In today’s Research News article “Benefits of Mindfulness Training for Patients with Progressive Cognitive Decline and their Caregivers.” See:

https://www.facebook.com/ContemplativeStudiesCenter/photos/a.628903887133541.1073741828.627681673922429/1247548971935693/?type=3&theater

or below or view the full text of the study at: http://www.ncbi.nlm.nih.gov/pmc/articles/PMC4363074/

Paler and colleagues provided an 8-week mindfulness training program for Alzheimer’s Disease patients and their caregivers. They were also given homework exercises on CDs to be practiced for 30-60 minutes daily. They found that the training produced an increase in quality of life, improvement in cognitive executive function, and a decrease in depression and sleep problems for both the patients and caregivers. The vast majority of the participants were pleased with the program and felt that they were less stressed and better able to cope with stressful circumstances and their relationships had improved.

 

These results are outstanding and suggest that combined mindfulness training for both patients and caregivers is a safe and effective method to improve the emotional state, cognitive ability, quality of life, sleep, and stress management for both. The efficiency of training both at the same time is important as the feasibility of implementing the program increases as the demands on time decrease. Mindfulness training is known to improve emotion regulation and depression, cognitive processes, improve sleep, decrease the psychological and physical responses to stress, and improve relationships in normal people. It is important that this study established that this is also true for dementia patients and their caregivers.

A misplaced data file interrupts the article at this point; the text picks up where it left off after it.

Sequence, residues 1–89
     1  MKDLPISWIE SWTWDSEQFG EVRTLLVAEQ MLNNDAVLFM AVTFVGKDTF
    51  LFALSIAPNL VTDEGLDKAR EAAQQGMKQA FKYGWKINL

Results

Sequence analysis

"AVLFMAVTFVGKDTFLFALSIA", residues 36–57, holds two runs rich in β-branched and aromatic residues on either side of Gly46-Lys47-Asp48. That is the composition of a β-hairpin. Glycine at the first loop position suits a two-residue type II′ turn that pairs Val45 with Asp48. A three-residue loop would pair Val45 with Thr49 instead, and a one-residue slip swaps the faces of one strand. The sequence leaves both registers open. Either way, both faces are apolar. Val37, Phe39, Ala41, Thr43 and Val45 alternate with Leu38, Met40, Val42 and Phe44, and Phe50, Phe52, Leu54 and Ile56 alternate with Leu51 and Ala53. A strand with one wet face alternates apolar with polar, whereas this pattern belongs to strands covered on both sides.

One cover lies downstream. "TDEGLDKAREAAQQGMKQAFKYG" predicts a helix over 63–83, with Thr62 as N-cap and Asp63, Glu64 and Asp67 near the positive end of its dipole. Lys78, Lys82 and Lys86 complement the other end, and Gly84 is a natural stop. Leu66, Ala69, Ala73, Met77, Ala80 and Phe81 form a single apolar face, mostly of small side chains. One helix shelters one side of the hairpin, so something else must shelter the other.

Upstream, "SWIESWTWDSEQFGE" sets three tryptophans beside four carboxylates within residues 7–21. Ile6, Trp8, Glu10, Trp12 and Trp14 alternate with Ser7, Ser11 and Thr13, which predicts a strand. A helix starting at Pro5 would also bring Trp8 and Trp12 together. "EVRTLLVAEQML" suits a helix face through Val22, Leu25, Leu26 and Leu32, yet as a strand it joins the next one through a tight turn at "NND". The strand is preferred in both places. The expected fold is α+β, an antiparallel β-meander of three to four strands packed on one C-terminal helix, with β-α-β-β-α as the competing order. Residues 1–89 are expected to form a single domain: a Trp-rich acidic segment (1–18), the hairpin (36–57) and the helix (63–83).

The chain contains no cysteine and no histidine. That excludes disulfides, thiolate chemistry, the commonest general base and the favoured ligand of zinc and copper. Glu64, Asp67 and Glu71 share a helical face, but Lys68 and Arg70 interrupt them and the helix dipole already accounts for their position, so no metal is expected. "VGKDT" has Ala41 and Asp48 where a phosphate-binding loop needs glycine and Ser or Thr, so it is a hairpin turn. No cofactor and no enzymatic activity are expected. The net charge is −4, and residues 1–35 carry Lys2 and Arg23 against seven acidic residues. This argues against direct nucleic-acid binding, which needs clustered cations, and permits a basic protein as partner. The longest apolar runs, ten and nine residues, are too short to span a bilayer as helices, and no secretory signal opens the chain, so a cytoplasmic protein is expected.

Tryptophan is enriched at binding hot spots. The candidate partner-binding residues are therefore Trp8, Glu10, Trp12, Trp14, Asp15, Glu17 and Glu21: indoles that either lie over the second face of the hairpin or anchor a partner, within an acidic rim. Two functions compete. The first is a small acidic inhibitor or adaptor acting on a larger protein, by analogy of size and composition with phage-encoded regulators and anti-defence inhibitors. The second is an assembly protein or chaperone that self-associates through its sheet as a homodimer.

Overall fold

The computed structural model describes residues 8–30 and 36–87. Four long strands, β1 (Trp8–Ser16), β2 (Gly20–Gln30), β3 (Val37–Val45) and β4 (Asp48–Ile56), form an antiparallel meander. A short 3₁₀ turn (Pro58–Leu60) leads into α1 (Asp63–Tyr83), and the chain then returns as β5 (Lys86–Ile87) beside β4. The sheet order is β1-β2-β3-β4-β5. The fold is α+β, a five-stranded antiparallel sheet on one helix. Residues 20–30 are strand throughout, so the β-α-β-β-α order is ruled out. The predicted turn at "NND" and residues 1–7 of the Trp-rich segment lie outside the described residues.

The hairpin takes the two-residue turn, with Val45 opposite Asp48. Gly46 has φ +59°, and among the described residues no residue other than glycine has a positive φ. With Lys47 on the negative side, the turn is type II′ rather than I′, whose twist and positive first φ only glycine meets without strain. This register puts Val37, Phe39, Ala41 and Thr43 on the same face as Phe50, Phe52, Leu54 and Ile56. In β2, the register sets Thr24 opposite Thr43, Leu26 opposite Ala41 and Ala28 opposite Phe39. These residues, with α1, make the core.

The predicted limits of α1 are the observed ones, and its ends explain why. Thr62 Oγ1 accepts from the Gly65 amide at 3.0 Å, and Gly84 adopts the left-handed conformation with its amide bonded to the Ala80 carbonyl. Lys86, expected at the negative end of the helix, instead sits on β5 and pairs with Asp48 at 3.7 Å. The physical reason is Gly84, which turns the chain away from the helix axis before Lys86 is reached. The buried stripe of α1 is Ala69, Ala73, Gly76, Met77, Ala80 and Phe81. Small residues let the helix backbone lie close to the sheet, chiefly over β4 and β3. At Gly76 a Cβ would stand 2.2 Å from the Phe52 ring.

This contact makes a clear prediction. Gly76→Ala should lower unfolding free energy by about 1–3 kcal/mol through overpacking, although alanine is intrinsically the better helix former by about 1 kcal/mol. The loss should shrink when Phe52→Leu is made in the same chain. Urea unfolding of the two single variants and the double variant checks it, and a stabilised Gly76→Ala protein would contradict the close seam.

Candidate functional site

It should be noted that there was no control or comparison condition. So, it is impossible to make a strong conclusion that the mindfulness program itself produced the improvements. A randomized Controlled Trial (RCT) is needed to confirm these results. Nevertheless, the results are exceptionally promising and provide the rationale to implement an RCT. The authors do note, however, that recruitment of patients and caregivers for a control group would likely be extremely difficult.

 

So, improve dementia patients and their caregivers with mindfulness.

 

“Mindfulness involves attentive awareness with acceptance for events in the present moment. You don’t have to be drawn into wishing things were different. Mindfulness training in this way takes advantage of people’s abilities rather than focusing on their difficulties.” – Ken Paler

 

CMCS – Center for Mindfulness and Contemplative Studies

 

This and other Contemplative Studies posts are available  on Google+ https://plus.google.com/106784388191201299496/posts

 

Study Summary

Paller, K. A., Creery, J. D., Florczak, S. M., Weintraub, S., Mesulam, M.-M., Reber, P. J., … Maslar, M. (2015). Benefits of Mindfulness Training for Patients with Progressive Cognitive Decline and their Caregivers. American Journal of Alzheimer’s Disease and Other Dementias, 30(3), 257–267. http://doi.org/10.1177/1533317514545377

 

Abstract

New strategies are needed to help people cope with the repercussions of neurodegenerative disorders such as Alzheimer’s disease. Patients and caregivers face different challenges, but here we investigated an intervention tailored for this combined population. The program focused on training skills such as attending to the present moment nonjudgmentally, which may help reduce maladaptive emotional responses. Patients participated together with caregivers in weekly group sessions over 8 weeks. An assessment battery was individually administered before and after the program. Pre-post analyses revealed several benefits, including increased quality-of-life ratings, fewer depressive symptoms, and better subjective sleep quality. In addition, participants indicated that they were grateful for the opportunity to learn to apply mindfulness skills and that they would recommend the program to others. In conclusion, mindfulness training can be beneficial for patients and their caregivers, it can be delivered at low-cost to combined groups, and it is worthy of further investigation.

http://www.ncbi.nlm.nih.gov/pmc/articles/PMC4363074/